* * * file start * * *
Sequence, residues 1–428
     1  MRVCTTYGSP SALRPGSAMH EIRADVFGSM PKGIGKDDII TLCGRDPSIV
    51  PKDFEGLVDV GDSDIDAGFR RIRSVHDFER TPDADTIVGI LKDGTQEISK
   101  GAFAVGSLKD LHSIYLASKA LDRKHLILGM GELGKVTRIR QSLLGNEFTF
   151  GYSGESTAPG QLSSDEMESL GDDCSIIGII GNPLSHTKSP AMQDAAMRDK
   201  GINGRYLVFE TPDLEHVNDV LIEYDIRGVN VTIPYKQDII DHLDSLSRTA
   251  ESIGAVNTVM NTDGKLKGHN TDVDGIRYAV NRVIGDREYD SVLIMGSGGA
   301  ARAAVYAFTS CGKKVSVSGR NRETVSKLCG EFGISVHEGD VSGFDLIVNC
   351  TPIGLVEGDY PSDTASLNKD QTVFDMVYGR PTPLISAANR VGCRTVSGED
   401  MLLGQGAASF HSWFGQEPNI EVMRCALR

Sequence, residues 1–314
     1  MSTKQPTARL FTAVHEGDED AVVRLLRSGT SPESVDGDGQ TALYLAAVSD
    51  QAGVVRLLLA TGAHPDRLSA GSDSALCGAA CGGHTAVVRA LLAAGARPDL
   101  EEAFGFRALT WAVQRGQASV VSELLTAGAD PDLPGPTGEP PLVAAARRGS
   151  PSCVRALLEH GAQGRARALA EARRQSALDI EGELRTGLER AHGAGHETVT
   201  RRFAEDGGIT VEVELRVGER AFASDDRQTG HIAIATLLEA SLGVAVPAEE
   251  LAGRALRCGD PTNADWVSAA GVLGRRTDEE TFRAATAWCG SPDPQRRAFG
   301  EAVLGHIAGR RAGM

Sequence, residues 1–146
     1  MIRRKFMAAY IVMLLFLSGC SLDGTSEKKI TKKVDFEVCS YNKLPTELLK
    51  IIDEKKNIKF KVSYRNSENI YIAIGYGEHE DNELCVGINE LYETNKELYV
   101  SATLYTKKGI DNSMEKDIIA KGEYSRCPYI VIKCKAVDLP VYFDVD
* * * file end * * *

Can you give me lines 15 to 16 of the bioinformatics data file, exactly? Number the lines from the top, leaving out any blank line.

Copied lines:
   151  PSCVRALLEH GAQGRARALA EARRQSALDI EGELRTGLER AHGAGHETVT
   201  RRFAEDGGIT VEVELRVGER AFASDDRQTG HIAIATLLEA SLGVAVPAEE